4 out of 5 stars
The first chapter establishes Alyssa as a rather quirky character – she is alternative in her dress sense, she has dreadlocks, she skateboards, and most of all: she creates mosaics out of dead bugs. It is here we discover that she does this to shut them up – because she can hear what plants and bugs say. Alyssa appears to be intelligent, caring and firmly grounded, despite her family history of females going insane. This is apparently because Alyssa is a distant relative of Alice Liddell, the real Alice in Wonderland, who had a curse placed on her and her family after leaving Wonderland in a mess. This is a stark contrast to the final moments of Lewis Carroll’s book. Alice ended up in an asylum, where Alyssa’s mother now is, and reading Alice’s psychiatric report is quite haunting.
A.G. Howard’s writing style flows well, with pretty visuals and vivid descriptions. She also writes fast-paced action scenes very well. She appears to have a talent for the strange – where Carroll created odd characters, Howard makes them odder. I have quite honestly come to expect a certain type of writing style from YA authors, but A. G. Howard dashes all those expectations. A clever and unexpected plot twist towards the end especially impressed me.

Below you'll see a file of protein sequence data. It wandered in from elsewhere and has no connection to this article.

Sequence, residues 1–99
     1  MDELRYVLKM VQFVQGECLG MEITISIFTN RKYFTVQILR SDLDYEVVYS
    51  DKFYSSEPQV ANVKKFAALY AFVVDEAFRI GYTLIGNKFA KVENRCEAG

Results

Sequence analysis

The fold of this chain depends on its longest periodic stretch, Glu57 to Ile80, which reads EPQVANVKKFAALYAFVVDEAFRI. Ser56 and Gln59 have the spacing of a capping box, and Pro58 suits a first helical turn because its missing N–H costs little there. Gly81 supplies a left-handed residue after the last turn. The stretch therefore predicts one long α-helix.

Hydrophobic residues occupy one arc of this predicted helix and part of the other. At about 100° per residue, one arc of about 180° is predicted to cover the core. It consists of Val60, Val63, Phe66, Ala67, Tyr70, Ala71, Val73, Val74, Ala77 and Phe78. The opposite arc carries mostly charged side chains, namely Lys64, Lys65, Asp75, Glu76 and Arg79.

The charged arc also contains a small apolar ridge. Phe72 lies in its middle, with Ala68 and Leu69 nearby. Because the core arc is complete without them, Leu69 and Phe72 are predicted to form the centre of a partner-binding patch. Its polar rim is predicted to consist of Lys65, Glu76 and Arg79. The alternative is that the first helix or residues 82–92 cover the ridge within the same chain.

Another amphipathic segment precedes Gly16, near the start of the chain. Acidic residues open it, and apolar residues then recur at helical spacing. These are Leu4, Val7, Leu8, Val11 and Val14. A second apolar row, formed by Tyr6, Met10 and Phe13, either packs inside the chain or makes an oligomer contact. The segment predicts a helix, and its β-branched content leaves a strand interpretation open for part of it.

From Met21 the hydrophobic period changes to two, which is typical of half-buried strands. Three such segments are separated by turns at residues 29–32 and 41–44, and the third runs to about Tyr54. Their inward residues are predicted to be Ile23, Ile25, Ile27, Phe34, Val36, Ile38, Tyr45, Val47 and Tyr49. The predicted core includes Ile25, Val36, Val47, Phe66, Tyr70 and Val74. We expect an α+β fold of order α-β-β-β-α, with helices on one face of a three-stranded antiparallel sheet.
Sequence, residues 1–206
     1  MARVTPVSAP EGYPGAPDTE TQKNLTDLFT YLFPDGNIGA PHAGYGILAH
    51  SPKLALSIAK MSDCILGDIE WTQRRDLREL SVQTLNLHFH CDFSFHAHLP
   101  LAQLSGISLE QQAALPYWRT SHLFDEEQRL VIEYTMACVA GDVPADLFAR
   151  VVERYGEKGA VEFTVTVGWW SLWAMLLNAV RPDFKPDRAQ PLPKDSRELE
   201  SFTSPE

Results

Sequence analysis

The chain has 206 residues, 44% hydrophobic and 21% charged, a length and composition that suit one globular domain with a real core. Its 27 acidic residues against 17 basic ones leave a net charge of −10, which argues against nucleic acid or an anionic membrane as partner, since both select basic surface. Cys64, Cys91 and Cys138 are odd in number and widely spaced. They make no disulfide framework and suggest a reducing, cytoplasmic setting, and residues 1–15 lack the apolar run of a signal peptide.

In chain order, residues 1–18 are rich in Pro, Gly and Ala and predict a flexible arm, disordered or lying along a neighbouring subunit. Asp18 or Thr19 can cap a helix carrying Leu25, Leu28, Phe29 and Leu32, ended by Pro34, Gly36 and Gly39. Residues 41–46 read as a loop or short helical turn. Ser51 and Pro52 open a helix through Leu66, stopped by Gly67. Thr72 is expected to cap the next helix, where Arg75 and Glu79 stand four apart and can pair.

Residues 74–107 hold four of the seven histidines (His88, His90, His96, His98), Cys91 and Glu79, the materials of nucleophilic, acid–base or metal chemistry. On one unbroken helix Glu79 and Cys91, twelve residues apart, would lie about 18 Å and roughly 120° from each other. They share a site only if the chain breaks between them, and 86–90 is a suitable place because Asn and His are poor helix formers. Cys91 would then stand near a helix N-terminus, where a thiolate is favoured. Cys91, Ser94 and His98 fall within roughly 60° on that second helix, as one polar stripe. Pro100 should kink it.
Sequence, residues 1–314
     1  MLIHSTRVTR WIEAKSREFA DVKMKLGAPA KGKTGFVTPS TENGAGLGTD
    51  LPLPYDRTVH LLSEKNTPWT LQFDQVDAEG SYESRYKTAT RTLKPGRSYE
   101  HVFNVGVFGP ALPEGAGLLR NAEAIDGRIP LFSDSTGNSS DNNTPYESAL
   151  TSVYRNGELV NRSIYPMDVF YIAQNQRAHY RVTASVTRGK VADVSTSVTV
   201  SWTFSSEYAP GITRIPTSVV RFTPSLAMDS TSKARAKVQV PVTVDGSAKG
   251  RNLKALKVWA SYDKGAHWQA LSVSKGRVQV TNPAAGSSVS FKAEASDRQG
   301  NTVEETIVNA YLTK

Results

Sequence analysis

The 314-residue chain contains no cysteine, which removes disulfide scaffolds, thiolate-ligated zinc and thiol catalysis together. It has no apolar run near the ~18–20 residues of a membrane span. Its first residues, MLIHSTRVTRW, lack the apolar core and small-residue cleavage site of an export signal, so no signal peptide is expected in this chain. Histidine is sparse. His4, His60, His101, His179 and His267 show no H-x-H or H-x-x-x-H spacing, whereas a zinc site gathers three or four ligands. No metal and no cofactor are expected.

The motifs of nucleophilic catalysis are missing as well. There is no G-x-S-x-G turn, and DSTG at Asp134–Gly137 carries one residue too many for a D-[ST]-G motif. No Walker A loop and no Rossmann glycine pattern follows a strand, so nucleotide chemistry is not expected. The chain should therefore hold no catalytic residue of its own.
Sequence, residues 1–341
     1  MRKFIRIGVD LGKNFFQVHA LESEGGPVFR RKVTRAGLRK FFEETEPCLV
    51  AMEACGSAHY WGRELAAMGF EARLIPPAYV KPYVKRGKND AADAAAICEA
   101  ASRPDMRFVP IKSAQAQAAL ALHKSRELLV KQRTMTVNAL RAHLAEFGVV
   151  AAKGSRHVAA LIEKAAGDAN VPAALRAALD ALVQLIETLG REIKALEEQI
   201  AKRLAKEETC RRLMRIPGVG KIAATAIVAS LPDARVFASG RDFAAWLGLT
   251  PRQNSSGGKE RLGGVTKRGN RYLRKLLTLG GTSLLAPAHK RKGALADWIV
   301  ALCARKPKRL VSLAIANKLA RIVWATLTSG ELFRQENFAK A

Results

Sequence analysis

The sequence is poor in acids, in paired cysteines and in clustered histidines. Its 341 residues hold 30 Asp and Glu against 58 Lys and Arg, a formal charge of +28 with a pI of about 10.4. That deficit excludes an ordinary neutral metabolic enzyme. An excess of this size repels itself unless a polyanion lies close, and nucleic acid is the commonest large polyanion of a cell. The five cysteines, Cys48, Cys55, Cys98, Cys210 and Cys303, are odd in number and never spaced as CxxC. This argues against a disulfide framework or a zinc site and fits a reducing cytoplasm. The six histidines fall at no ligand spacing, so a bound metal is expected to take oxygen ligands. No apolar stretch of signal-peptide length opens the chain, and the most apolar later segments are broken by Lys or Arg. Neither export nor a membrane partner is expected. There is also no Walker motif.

One thing I disliked about the book, which is far too prevalent in current YA books, was the love triangle. I suppose it wasn’t quite as ridiculous as many other YA books, but it would be so refreshing to read one without any sort of romance! The two guys fighting over Alyssa are quite typical – Jeb, the dark, handsome, brooding arty type; and Morpheus, the mysterious guy from Alyssa’s past. Another issue I want to raise is that if Alyssa’s family are trying to escape the Alice curse, why do all the females have Alice names? I suppose it is possible that it is part of the curse, but it is never discussed.
Overall, I would highly recommend this book. It presents Lewis Carroll’s happier version of Wonderland as the deluded fantasy, and the one that Alyssa explores as the real version; I can really imagine young Alice blocking out the horrific truth with milder images. It plays very cleverly on Carroll’s creation, without being a completely straight retelling. It has also reminded me that I haven’t read Alice in Wonderland for about 10 years, and really should re-read it…